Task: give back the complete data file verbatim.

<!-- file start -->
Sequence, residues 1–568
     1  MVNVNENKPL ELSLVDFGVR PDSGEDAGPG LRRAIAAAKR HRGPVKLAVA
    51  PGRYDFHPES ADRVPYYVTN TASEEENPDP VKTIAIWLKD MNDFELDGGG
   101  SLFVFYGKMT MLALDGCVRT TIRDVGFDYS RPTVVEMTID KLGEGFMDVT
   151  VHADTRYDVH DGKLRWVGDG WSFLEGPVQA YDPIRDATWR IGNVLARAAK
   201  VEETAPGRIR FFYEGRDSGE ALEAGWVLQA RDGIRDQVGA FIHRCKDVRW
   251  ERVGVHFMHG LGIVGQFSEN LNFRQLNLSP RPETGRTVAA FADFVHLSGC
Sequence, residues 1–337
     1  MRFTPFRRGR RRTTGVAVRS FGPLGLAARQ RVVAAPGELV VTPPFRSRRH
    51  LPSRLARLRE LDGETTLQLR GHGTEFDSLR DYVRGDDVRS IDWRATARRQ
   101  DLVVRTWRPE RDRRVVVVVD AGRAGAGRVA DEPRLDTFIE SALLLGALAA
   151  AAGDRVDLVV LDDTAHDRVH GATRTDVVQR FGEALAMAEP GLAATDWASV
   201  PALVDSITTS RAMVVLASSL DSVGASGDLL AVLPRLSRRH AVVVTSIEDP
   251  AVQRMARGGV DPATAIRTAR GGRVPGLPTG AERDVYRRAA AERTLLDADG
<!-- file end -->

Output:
Sequence, residues 1–568
     1  MVNVNENKPL ELSLVDFGVR PDSGEDAGPG LRRAIAAAKR HRGPVKLAVA
    51  PGRYDFHPES ADRVPYYVTN TASEEENPDP VKTIAIWLKD MNDFELDGGG
   101  SLFVFYGKMT MLALDGCVRT TIRDVGFDYS RPTVVEMTID KLGEGFMDVT
   151  VHADTRYDVH DGKLRWVGDG WSFLEGPVQA YDPIRDATWR IGNVLARAAK
   201  VEETAPGRIR FFYEGRDSGE ALEAGWVLQA RDGIRDQVGA FIHRCKDVRW
   251  ERVGVHFMHG LGIVGQFSEN LNFRQLNLSP RPETGRTVAA FADFVHLSGC
Sequence, residues 1–337
     1  MRFTPFRRGR RRTTGVAVRS FGPLGLAARQ RVVAAPGELV VTPPFRSRRH
    51  LPSRLARLRE LDGETTLQLR GHGTEFDSLR DYVRGDDVRS IDWRATARRQ
   101  DLVVRTWRPE RDRRVVVVVD AGRAGAGRVA DEPRLDTFIE SALLLGALAA
   151  AAGDRVDLVV LDDTAHDRVH GATRTDVVQR FGEALAMAEP GLAATDWASV
   201  PALVDSITTS RAMVVLASSL DSVGASGDLL AVLPRLSRRH AVVVTSIEDP
   251  AVQRMARGGV DPATAIRTAR GGRVPGLPTG AERDVYRRAA AERTLLDADG